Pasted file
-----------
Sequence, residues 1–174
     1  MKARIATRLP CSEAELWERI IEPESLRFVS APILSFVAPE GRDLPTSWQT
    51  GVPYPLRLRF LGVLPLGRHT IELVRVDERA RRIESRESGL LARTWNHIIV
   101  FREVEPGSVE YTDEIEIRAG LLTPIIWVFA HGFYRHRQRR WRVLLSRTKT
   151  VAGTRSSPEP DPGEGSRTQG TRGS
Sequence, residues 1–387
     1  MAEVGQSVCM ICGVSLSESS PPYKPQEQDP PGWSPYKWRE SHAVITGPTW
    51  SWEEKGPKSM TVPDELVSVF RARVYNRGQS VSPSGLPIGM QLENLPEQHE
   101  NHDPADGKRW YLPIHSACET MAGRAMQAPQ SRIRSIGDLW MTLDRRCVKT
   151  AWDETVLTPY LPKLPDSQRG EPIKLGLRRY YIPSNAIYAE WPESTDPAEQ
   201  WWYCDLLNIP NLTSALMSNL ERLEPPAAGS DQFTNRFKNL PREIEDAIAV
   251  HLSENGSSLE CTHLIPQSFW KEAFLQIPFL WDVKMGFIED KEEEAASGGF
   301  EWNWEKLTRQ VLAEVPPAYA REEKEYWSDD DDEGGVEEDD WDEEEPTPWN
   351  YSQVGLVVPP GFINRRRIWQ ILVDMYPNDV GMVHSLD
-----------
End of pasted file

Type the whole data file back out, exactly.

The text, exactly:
Sequence, residues 1–174
     1  MKARIATRLP CSEAELWERI IEPESLRFVS APILSFVAPE GRDLPTSWQT
    51  GVPYPLRLRF LGVLPLGRHT IELVRVDERA RRIESRESGL LARTWNHIIV
   101  FREVEPGSVE YTDEIEIRAG LLTPIIWVFA HGFYRHRQRR WRVLLSRTKT
   151  VAGTRSSPEP DPGEGSRTQG TRGS
Sequence, residues 1–387
     1  MAEVGQSVCM ICGVSLSESS PPYKPQEQDP PGWSPYKWRE SHAVITGPTW
    51  SWEEKGPKSM TVPDELVSVF RARVYNRGQS VSPSGLPIGM QLENLPEQHE
   101  NHDPADGKRW YLPIHSACET MAGRAMQAPQ SRIRSIGDLW MTLDRRCVKT
   151  AWDETVLTPY LPKLPDSQRG EPIKLGLRRY YIPSNAIYAE WPESTDPAEQ
   201  WWYCDLLNIP NLTSALMSNL ERLEPPAAGS DQFTNRFKNL PREIEDAIAV
   251  HLSENGSSLE CTHLIPQSFW KEAFLQIPFL WDVKMGFIED KEEEAASGGF
   301  EWNWEKLTRQ VLAEVPPAYA REEKEYWSDD DDEGGVEEDD WDEEEPTPWN
   351  YSQVGLVVPP GFINRRRIWQ ILVDMYPNDV GMVHSLD